Up Close and Personal with Michael Kors and His Autumn/Winter 2018 Collection

Up Close and Personal with Michael Kors and His Autumn/Winter 2018 Collection

At New York Fashion Week, Michael Kors made a case for the bold, the beautiful, and everything else in between.

“Swipe, swipe, swipe!” Michael Kors declared, halfway through our interview on the morning of Valentine’s Day. I froze abruptly, wondering for a split second if he had sussed I’d been on Tinder the night before—as one would on Valentine’s eve. Thankfully, he meant something entirely different. “We’re living in a ‘swipe’ world where we’re so easily bored, and ‘swipe’ to the next thing. And as far as getting dressed is concerned, there’s not one way to look!” He’s got a point. One day fashion is all about mini skirts and stilettos, and the next it’s bum bags and orthopaedic sneakers. Leopard print, to maximalist-florals, and back to leopard print again. Blame it on social media if you will; the onslaught of information that has been made available right at your fingertips. Visually, cognitively, and perhaps even emotionally, today’s generation has never lived at a faster rate.

Fashion Editor, Amy Yasmine, with Michael Kors

Thankfully for Michael Kors, he’s taking it all in stride. “I mean, I’ve been doing this for the past 38 years, so as a designer—it’s fun and interesting!” Kors explained, just hours before his show. “What’s happened now is that we have no rules. You can wear feathers for day, silver for day, fringe for day… and then, wear flat shoes for night. So I think we’re finding now that women’s wardrobes have actually become more versatile.”

The proof is in the ‘gram. Just a quick stroll through the app, and you realise just how many of your favourite style crushes are guilty of that. Like Negin Mirsalehi (@neginmirsalehi) roaming around the streets of Amsterdam in a tailored suit, with Doc Martens, or Aimee Song (@songofstyle), who worked a polka-dotted slip dress, with a crisp, white blazer. “They mix everything up,” Michael continues to say. “There are no seasons, no time of the day. It’s ‘everyday glamour’ rather than the old-fashioned idea of dressing up on a special occasion. Now, it’s all about using your whole closet!”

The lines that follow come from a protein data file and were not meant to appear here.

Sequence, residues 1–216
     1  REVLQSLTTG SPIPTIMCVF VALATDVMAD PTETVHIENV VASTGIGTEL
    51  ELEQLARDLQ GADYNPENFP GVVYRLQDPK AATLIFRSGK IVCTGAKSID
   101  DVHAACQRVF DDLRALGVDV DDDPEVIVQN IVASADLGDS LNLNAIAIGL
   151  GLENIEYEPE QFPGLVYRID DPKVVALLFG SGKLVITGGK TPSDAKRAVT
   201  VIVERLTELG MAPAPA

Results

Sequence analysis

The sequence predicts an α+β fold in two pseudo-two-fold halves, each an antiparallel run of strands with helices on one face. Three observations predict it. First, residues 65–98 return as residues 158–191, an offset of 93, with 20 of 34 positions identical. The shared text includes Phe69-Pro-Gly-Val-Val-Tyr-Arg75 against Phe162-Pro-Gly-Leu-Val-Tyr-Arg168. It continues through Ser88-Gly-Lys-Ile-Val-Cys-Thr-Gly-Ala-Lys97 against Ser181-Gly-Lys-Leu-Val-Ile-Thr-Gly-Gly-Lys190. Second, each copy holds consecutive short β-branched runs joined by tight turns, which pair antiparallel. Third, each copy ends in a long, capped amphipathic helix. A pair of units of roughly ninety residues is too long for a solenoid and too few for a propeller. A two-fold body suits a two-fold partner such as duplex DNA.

True to his word, Michael Kors Collection Autumn/Winter ’18 collection was a solid representation of this fashion revolution. On the runway, wallpaper florals were worn with leopard prints and Scottish tartans, while Park Avenue ladies swapped their luscious minks out for P. Diddy-parkas. Another intriguing look to note: the collection’s final ensemble featuring disco-ready sequinned trousers, worn with a varsity tee and sliders on BAZAAR’s June cover girl, Joan Smalls. As Michael mentions pre-show, “It’s all about personal style.”

Indeed, the American designer’s ability to zero in on reality is second to none. After all, this was the man who made headlines for casting plus-size model Ashley Graham on the runway in his Autumn/Winter ’17 show. With a line-up just as diverse as the collection itself, beauty, in all shapes and sizes, was celebrated. Like South Korean model EZ, whose platinum buzz cut threw off the stately evening gown she was in, or South African Georgina Grenville who proved that even at the age of 42, you could still rock a scarlet red faux fur bomber with rugged biker boots. Graham also reprised her role on the runway, making an appearance in another faux-fur number in sorbet pink, a breezy midi skirt and camo-green embellished sweater. Think Baby Spice at boot camp, but with an uptown, Blair Waldorf appeal.

While it’s one thing to offer covetable pieces across a spectrum of trends, it’s another to be pushing it further on a diverse scale; the idea of relatability, as opposed to a “one size fits all” approach. And it’s through this bold move that Kors is really pushing women to think outside of the box. A little bit of a tomboy, but feeling intimidated by a Cinderella-esque ball gown? Or pushing 50, but still wish you could rock that overtly-embellished slip dress? Then let this collection be your voice of reason, because to Michael, “short hair, straight hair, dreadlocks… any age, size, and ethnicity. I think that’s what modern beauty is all about.”

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